The scholars of Islam revered religious knowledge above all else. This is all the more true for the great imams, like Abū Hanīfah, Mālik, al-Shāfi`ī, and Ahmad b. Hanbal. At the same time, their reverence was born of the value they knew that religious knowledge had for people’s faith and practice, and this made them disdain questions of no practical value that were used merely to show off erudition or to engage in public debate.
A good example of this was Imām Mālik. He was extremely humble in the pursuit of knowledge, and would accept it from any reliable source. He did not regard any person as too insignificant to teach him something. He was willing to learn from his own students and sometimes changed his mind on issues because of what they taught him. It was his way to concede the truth without hesitation whenever it reached him. This was the way of all truly great scholars. They never hesitated to increase their knowledge through the knowledge of others. They did not doubt the veracity of something simply because someone else came to know about it before they did.
Despite his passion for knowledge, Mālik did not like to entertain questions about difficult and superfluous matters that had no relevance to people’s religious or worldly lives. One famous example of this is where a man approached his study circle and recited the verse: “The Beneficent mounted the throne.” [Sūrah TāHā
: 5] Then he asked: “How did He mount it?”
Mālik tapped his knuckles on his head and he broke out into a sweat like he had a fever. Then he said: “The ‘mounting’ is not unknown, but the ‘how’ is something that cannot be reasoned. It is obligatory to believe in it, but a heretical innovation to ask about it. I see you as being nothing but a heretical innovator.” Then he ordered the man to be taken from his presence.
It is possible that this man’s reputation preceded him, and Mālik knew something bad about his ways, and that is why Mālik treated him the way he did. He would never have been so harsh with a person who was confused and sincerely wanted to learn, regardless of what the question was.
Useful religious knowledge brings us closer to Allah. It can make us more devoted, humble, and sincere, and guide us to act in ways that please our Lord. Likewise, useful worldly knowledge enables us to conduct our lives and fulfil our material needs. In this regard, Mālik used to give the following words of advice: “Look to what benefits you in your day and night and busy yourself with that.”
Al-Wāqidī described Mālik’s study circle as follows:
It was a venerable, composed assembly. Mālik was a dignified and illustrious man. There was never any ostentatious speech or rambunctiousness at his study circle. People did not raise their voices. A stranger to the circle would come and ask about a hadith, and he would not answer except about the hadith itself.
We find the exact same pattern with Mālik’s student Muhammad b. Idrīs al-Shāfi`ī. He was devoted to religious knowledge above all else. At the same time, he had little regard for trivial questions and debate for its own sake.
As for his general attitude towards knowledge, he used to say: “After fulfilling the essential religious obligations, there is nothing better than the pursuit of knowledge.”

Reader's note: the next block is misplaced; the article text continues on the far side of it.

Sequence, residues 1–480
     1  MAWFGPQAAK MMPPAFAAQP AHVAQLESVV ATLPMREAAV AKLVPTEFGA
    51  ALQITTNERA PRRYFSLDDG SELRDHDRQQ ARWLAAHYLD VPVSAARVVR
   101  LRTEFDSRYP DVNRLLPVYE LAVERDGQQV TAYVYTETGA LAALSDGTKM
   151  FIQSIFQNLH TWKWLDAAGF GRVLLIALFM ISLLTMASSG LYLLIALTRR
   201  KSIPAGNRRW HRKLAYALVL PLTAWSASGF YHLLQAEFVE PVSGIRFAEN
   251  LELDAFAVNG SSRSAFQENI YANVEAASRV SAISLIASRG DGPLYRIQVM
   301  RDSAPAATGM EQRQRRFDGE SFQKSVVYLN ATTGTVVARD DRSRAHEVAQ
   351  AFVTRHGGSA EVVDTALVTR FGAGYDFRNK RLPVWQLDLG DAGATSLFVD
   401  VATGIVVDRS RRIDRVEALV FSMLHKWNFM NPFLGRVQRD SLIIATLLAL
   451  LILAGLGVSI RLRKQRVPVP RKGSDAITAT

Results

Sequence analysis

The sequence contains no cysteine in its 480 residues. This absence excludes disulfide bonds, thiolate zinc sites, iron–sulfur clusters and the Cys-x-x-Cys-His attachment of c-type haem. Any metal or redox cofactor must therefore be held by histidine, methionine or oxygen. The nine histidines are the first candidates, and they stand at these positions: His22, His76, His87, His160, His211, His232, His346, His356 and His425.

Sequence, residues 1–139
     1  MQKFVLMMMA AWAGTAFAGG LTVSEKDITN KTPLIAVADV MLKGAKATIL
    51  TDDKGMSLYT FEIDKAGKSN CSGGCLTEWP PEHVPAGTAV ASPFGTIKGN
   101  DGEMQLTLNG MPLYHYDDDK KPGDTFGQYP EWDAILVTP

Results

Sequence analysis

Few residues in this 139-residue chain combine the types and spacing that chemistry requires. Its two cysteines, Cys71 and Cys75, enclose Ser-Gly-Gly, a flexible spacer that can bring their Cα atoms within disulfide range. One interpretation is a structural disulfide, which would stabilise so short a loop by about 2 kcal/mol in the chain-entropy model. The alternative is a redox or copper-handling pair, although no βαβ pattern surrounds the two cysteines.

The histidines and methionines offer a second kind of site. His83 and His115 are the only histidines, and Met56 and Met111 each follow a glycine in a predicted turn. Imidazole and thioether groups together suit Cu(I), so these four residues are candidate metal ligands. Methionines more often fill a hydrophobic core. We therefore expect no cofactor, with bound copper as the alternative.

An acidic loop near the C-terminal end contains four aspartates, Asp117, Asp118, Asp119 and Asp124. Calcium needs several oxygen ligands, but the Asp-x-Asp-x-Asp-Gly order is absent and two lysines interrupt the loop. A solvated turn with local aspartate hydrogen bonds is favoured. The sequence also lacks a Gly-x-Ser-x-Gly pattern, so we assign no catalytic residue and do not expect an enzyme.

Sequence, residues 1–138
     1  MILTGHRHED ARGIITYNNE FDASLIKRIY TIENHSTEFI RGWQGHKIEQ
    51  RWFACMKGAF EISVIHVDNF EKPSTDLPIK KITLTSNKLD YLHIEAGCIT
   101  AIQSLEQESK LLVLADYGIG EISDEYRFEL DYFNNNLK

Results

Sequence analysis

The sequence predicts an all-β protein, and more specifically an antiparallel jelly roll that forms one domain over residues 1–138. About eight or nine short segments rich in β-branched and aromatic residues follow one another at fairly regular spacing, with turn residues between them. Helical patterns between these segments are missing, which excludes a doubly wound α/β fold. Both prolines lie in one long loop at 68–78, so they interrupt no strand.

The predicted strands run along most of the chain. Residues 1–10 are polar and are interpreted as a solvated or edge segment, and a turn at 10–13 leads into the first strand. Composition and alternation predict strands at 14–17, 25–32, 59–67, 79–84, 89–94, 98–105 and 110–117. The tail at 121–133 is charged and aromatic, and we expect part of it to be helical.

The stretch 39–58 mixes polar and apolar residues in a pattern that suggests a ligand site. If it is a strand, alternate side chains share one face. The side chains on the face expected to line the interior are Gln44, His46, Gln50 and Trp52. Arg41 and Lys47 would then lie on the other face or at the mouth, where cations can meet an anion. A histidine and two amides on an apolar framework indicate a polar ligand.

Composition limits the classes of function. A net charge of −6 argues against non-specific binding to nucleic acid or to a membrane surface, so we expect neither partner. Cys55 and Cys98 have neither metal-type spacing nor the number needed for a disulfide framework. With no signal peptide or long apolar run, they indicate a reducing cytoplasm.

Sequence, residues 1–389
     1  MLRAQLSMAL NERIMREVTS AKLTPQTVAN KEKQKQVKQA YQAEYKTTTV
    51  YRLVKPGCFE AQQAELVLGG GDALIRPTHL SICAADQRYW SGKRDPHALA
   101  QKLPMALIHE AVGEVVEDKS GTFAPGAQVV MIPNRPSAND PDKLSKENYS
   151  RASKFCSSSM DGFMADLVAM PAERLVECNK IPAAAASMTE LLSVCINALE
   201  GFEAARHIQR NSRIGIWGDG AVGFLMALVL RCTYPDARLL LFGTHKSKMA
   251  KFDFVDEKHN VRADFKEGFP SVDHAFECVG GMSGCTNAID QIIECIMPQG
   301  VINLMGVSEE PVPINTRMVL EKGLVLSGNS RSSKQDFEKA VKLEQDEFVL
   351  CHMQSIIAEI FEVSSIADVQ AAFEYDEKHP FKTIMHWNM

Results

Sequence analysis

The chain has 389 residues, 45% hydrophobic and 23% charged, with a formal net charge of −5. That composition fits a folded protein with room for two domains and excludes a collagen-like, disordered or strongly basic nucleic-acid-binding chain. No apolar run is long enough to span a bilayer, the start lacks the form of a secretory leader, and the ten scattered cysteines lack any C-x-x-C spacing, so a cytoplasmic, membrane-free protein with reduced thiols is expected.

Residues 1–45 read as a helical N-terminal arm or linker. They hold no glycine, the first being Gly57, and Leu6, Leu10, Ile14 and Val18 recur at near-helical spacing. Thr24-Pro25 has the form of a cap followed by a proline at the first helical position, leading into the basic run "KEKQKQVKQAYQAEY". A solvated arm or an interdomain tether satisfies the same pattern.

This prompted someone to ask him: “Even striving in Allah’s path?
He replied: “Yes, even striving in Allah’s path.”
Ibn `Uyaynah quotes al-Shāfi`ī as saying: “No one on Earth has ever been granted something greater than prophethood. The greatest thing anyone else can be given is religious knowledge and understanding.”
A-Shāfi`ī said this because the pursuit of religious knowledge brings us to an understanding of what the Prophets came with, and this is the closest that we can get to possessing their prophecy.
Though knowledge is the greatest honour and has the highest value, it is not to be used to pursue fame and recognition. Al-Rabī` b. Sulaymān al-Murādī – al-Shāfi`ī’s main student – quotes his teacher as saying: “Showing off with one’s knowledge hardens the heart and makes a person petty and spiteful.”
Al-Shāfi`ī hated people to show off their knowledge, just as he hated the incessant public debates that students often engage in, where each student’s main concern is to prevail over the opponent.
Contentious and tricky questions were often the point of discussion in many study circles. The pointlessness of most of those questions upset al-Shāfi`ī, prompting him to say: “It belittles knowledge to debate everyone who comes to you with an argument. Do not spar words with everyone who comes to spar with you.”
There are a lot of questions that a student should simply avoid. They are not worth the time and effort.
Abū Thawr once suggested to al-Shāfi`ī that he should write a book about irjā’
, the deviant theological view that when people have faith, their sins bring them no harm in the Hereafter. Al-Shāfi`ī said: “You should just leave this alone.” Al-Shāfi`ī disliked scholastic theology. He felt that delving into it did nothing to bring one’s heart closer to Allah.
Inexperienced students like to pose hypothetical questions, but there are few true legal scholars who venture to address those questions, despite – or because of – their far greater knowledge and understanding.
Indeed, al-Shāfi`ī had more than enough knowledge to pursue all of those questions. He simply chose not to do so. He said: “If I wanted to, I could write a book-length rebuttal to every opposing view. However, scholastic theology is not my concern, and I do not want to be associated with any part of it.”
The scholar has a lofty position which has no room to accommodate quarreling and disputation. If al-Shāfi`ī had busied himself with such things, he would never have been able to write such landmark works as al-Risālah
Al-Shāfi`ī was willing to debate issues when the circumstances demanded it. He would, at such times, limit himself to saying what is necessary to clarify the matter at hand.